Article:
If Old King Allant was dropped into Elden Ring, he’d be extremely easy. However. Demon’s Souls is a much slower paced game where the player simply has nowhere near the resources to work with. As a result, he is quite hard and is arguably the hardest boss in the game, certainly top 3 at bare minimum. At first, he acts like a standard human boss with his sword. Not too long into the battle, he starts using close ranged magic to keep the player at a distance, he can shoot spells at them which do a lot of damage, his sword in the Soulbrandt hits quite hard. But nothing can compare to his vile, secret weapon: the exclusive ability to take away an entire level up from the player with a grab attack. To this day, Old King Allant is still the only enemy period capable of stealing a level up, and it can be devastating if he manages to hit with this. If the player is unlucky, that one level up loss could cause them to no longer have the stats needed to wield various equipment, which could effectively end the fight then and there. This attack also cannot be blocked by a shield, forcing dodge rolling to avoid the maneuver.

As we know, this is not the real King Allant — it’s a double created by the Old One. It’s a pretty well done clone, considering how easily it can threaten a quick kill. Perhaps the fact that this is a clone explains why Old King Allant is heavily resistant to Magic, the best form of damage output in the game.

27. King of the Storm/Nameless King (Dark Souls 3)

From one timeless King to another, we have a look at the boss of the Archdragon Peak, a man responsible for many broken controllers, the Nameless King. This is another two phase fight, involving the King initially riding in on his dragon. Once the dragon goes down, it’s time for the man himself to get his hands dirty.

Challenge for this fight is predictably pretty high, but partially for an interesting reason that the average player probably wouldn’t notice. Incidentally, the Nameless King holds his weapon in his right hand, but begins many of his melee maneuvers by stretching it out towards his left side. Typically, the player is best off either rolling through a source of damage, or positioning themselves to be away from it. However, the Nameless King uses both sides with deceptive telegraphing as to which side he will use, which can throw the player off. Throwing the player off will come at a cost of a massive amount of health, as the Nameless King sure leaves a mark with his brutal attacks.

While the Nameless King is heralded for his difficulty, he is also a focal point of a lot of vague, confusing lore that serves to make his character interesting. Debatably, the Nameless King’s true identity could be a variety of characters. He could be a much more mature Ornstein or he could be Dark Souls 1’s beloved Solaire with an added mean streak. After defeating him, the iconic Dragonslayer armor worn by Ornstein in Dark Souls 1 is seen laying idly as an item drop. The two both fight with lightning, both had a large involvement with dragons and it’s not infeasible to imagine Ornstein getting much more powerful over the course of two whole games. On the other hand, the Nameless King utilizes Sunlight Blade and Sunlight Spear, which are two miracles that would’ve been long outdated by the events of this game. As well, Solaire’s canon lore never got official closure, and as the (likely) son of Gwyn, it’d also make sense for Solaire to have gotten stronger too. Why either of these men show up to fight the player is, much the same, a mystery. Overall, Nameless King’s lore is as open to interpretation as it is interesting and varied.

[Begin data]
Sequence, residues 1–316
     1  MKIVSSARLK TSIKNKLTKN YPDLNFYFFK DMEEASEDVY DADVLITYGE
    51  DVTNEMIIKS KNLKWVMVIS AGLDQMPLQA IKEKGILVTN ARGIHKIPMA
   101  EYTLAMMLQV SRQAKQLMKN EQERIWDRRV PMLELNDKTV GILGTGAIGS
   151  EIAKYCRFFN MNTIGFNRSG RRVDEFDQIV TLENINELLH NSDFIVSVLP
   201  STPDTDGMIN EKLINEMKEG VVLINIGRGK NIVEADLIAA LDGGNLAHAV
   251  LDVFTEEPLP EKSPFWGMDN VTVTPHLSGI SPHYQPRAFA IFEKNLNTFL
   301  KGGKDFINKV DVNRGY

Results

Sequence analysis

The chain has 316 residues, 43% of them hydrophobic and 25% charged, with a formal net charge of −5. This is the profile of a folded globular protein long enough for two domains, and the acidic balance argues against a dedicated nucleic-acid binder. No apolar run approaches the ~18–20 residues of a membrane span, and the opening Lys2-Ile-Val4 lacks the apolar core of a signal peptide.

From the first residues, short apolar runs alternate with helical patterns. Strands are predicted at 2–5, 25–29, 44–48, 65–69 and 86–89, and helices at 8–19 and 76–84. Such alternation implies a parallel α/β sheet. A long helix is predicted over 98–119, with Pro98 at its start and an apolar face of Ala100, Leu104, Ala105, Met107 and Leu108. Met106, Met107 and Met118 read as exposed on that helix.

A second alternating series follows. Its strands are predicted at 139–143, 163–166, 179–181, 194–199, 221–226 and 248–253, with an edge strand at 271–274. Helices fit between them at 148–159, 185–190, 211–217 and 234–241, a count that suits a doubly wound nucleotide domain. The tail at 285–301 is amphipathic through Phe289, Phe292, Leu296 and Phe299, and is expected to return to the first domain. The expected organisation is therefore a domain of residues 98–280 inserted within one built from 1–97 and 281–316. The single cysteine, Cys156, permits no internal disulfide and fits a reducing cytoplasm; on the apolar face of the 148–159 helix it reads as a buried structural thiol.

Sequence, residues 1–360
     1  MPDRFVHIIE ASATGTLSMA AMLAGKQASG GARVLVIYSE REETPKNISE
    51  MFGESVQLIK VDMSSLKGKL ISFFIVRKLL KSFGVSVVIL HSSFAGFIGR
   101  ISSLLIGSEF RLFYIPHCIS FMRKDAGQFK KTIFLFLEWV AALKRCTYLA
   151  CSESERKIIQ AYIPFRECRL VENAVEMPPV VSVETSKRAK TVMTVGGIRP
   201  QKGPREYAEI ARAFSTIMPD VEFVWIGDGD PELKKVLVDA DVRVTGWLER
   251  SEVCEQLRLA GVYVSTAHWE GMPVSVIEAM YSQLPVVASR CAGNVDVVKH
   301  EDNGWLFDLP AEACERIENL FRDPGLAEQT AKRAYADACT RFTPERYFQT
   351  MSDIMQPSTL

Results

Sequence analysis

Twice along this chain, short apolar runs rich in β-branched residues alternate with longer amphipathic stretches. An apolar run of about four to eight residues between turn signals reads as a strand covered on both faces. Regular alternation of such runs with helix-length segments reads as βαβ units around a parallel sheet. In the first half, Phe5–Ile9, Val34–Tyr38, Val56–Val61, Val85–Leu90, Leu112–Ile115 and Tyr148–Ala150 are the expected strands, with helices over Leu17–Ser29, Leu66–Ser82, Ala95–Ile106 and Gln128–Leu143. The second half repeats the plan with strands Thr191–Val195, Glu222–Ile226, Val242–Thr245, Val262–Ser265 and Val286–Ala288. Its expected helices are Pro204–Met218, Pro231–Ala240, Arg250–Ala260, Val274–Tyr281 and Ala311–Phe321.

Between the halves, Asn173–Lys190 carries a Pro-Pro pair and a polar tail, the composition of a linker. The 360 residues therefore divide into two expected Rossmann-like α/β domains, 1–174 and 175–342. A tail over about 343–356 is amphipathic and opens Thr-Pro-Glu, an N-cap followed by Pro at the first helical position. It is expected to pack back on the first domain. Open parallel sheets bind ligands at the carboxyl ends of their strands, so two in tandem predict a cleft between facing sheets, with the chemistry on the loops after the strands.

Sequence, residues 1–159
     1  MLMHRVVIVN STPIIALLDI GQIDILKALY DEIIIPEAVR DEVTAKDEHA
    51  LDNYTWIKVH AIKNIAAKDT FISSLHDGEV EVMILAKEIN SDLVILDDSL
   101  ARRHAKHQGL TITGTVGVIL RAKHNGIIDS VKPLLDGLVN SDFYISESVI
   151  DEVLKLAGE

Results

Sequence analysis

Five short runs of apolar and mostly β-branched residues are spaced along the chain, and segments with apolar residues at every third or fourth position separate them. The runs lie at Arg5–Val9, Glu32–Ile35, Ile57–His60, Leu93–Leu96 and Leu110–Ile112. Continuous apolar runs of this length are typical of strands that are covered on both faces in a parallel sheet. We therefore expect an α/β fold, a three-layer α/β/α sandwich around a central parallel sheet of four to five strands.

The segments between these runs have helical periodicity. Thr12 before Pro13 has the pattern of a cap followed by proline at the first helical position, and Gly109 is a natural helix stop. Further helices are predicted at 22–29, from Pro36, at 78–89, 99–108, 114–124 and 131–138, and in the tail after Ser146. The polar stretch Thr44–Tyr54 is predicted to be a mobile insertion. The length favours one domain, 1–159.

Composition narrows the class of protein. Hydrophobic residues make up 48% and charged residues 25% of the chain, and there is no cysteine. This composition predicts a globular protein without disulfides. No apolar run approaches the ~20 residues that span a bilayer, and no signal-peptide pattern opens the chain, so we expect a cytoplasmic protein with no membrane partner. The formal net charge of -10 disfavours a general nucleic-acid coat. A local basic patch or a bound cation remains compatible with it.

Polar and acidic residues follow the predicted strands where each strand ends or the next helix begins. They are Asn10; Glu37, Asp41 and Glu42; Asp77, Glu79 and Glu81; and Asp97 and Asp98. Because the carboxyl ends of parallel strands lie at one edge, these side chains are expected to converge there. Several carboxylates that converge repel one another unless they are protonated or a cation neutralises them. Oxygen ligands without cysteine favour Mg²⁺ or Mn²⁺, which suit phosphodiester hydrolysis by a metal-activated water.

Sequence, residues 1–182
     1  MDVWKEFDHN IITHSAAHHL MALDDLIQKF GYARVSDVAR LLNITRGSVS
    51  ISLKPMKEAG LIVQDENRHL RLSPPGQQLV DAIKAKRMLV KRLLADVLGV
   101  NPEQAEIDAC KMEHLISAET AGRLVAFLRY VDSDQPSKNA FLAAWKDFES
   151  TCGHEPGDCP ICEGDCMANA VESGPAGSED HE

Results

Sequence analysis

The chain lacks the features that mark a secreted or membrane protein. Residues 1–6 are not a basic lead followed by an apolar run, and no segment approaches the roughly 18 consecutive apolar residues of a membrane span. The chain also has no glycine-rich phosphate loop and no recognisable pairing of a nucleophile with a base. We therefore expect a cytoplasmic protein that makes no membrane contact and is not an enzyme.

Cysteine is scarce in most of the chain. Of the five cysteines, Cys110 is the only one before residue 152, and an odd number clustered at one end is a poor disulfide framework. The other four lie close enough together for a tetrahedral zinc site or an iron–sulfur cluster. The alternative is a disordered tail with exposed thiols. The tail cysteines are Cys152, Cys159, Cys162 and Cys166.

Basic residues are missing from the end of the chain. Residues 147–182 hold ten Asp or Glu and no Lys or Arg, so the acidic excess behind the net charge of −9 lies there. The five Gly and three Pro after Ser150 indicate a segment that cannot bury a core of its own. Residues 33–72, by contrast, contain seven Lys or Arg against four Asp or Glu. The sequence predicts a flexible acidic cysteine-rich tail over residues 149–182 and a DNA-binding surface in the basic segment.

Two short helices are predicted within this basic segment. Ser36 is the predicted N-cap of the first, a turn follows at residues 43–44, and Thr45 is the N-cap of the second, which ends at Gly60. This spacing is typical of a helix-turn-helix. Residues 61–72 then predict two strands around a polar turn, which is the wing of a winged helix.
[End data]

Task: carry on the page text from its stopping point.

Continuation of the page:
26. Lady Maria of the Astral Clocktower (Bloodborne)

To liberate our viewers from their wild curiosity, here is the last boss that just missed the mark at top 25 on our list. That said, it is certainly not due to any shortcomings on Lady Maria’s end, as the fight is mesmerizing, it’s a treat cinematically, and for a character with very well defined, solid lore.

Challenge for this fight depends on how good the player is at parrying. If you can parry, this fight becomes a lot more manageable. If you can’t, good luck! This is a three-phase fight starting Maria off as fairly tame an easy to handle. She adds blood to her attacks for second phase, then fire for third, increasing her damage output substantially. In third phase, she can easily one-shot the player even if they have a high Vitality stat. Again, all of her attacks can be parried and she does stagger easily, so the player will want a steady hand at the go for this one.

Lady Maria’s pre-fight cutscene manifested itself into Bloodborne’s most iconic, and in typical From Software fashion, this is mostly because of how good a job it does at showing, not so much telling. The player will find what looks like Maria’s lifeless body sitting in a chair, but when they inspect her, she awakens, pulls them in and tells them that a corpse shouldn’t be meddled with. The abrupt nature at how Maria goes from totally stationary to aggressive and firm is staggering to watch. Watching Maria unsheathe her weapon as she calmly tells the player they need to die would ordinarily be a simple precursor to the actual fight. But there’s something more to this. Maria unsheathing her weapon and saying her line is done in a tone that would make anyone else seem irate with anger, ready to rip you to shreds. But Maria’s anger is more channeled and ‘professional’ than that, keeping the fight down to Earth somewhat and making it all the more tense when she buffs herself as the fight is happening.

Overall, Maria is a simple, cinematic masterpiece with a very memorable fight. It’s too bad for her that the ridiculously high standard only gets higher as we venture into the top 25 of this list.

25. Pontiff Sulyvahn (Dark Souls 3)

If this had been an “Andrew’s favorite Soulsborne bosses” list, then this guy would be in the top 10 no question. Pontiff Sulyvahn is one of the most famous names in Dark Souls 3, one of the biggest reasons being purely how difficult he is. The area behind Sulyvahn, accessed after defeating him, is also notorious for being the biggest hotspot for PvP in the entire game.